TARIEL'S WAY by Michael B. Millard

TARIEL'S WAY

A Spiritual Adventure

KIRKUS REVIEW

Millard’s earnest novel offers a carefully researched tour of Bronze Age religions through the eyes of Tariel, a wanderer who is skeptical and searching.

During his initiation ceremony, 15-year-old Tariel undergoes a painful, unsettling experience. Expecting to find his place in the village, he instead finds he must leave home altogether—on the run for his life. His travels take him from the Caucasus Mountains down the Euphrates, along the Persian Gulf, into India and even to the mythical kingdom of Shambala in Tibet. As he tries to earn a living over the years (including stints as a rent collector and a pirate), he also searches for spiritual truths from the teachers, priests, shamans and gurus he meets along the way, braced by his natural skepticism. (When the god Marduk is credited with helpful intervention in a battle, Tariel comments, “None of this made much sense to me, since all my life, I had seen that talent and practice make a good archer.”) By the end, he comes to understand the meaning of his adventures in and out of the spirit world. Debut novelist Millard (Adjunct Lecturer in English, SUNY Geneseo) has clearly done his homework, and the reader can learn much about the state of Bronze Age religions and cultures in the Near East and India. The details can be fascinating. Sometimes, though, it feels like homework, when each new set of beliefs that Tariel encounters is dutifully described. As an adventure novel, the book too often has the plodding, clunky feel of an official report: “The Arch Pirate questioned the man intently about the gold shipments and had other crew members brought forward to provide additional information.” Or this, from an action scene: “Since the river was wide…we were still out of range. In contrast, my bow from Mardaman was larger and more powerful.” When Millard employs a lighter touch, as with the grumpy wise man Ashapa or the pleasure-loving prince Nala, the journey is more enjoyable.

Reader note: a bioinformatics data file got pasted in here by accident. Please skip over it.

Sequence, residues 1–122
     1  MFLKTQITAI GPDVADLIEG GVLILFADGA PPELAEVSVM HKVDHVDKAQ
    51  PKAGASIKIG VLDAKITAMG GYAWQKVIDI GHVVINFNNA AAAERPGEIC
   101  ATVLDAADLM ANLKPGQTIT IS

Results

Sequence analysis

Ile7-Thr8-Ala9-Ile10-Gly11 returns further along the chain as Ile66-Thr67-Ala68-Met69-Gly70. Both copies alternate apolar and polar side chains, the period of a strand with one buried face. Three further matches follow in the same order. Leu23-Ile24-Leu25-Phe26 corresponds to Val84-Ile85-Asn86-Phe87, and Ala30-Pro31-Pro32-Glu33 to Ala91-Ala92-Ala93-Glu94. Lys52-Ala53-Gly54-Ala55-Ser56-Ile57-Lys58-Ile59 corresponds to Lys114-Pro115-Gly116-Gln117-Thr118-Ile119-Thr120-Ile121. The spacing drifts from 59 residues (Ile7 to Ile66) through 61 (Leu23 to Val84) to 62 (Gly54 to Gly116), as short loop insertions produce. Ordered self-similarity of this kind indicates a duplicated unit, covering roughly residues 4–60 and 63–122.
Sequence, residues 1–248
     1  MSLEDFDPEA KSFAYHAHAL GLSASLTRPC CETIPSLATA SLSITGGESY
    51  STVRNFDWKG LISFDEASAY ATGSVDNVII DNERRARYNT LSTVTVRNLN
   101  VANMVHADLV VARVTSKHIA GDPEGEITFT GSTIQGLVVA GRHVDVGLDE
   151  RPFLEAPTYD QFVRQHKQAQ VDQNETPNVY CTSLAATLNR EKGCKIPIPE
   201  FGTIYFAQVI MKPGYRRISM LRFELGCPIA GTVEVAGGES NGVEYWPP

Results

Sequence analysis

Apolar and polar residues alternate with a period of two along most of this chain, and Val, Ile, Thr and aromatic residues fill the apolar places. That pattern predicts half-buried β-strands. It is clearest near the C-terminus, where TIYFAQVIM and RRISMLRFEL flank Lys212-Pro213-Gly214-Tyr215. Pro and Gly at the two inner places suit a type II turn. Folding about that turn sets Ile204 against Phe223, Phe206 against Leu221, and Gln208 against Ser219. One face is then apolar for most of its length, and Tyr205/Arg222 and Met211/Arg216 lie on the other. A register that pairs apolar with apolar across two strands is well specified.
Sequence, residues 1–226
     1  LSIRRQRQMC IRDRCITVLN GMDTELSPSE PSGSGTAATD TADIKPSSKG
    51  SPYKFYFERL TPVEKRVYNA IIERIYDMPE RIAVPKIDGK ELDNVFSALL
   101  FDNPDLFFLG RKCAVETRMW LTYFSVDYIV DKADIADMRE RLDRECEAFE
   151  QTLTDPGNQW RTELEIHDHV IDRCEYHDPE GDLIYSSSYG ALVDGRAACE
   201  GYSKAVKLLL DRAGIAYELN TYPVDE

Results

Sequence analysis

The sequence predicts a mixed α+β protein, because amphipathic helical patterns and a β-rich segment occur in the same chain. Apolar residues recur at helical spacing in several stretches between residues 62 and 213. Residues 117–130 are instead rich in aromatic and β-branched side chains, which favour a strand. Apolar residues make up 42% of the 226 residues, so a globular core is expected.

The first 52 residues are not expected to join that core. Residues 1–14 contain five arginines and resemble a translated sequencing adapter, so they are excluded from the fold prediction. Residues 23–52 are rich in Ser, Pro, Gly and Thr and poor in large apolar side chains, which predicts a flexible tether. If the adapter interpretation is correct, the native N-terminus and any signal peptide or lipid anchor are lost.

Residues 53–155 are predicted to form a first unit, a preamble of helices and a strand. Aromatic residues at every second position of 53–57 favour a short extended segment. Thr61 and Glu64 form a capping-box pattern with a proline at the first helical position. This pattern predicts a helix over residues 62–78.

An informative travelogue of Bronze Age cultures and beliefs that could benefit from a more seamless blending of facts and fiction.

 

Pub Date: Oct. 10th, 2011
ISBN: 978-1461117971
Page count: 357pp
Publisher: CreateSpace
Program: Kirkus Indie
Review Posted Online:




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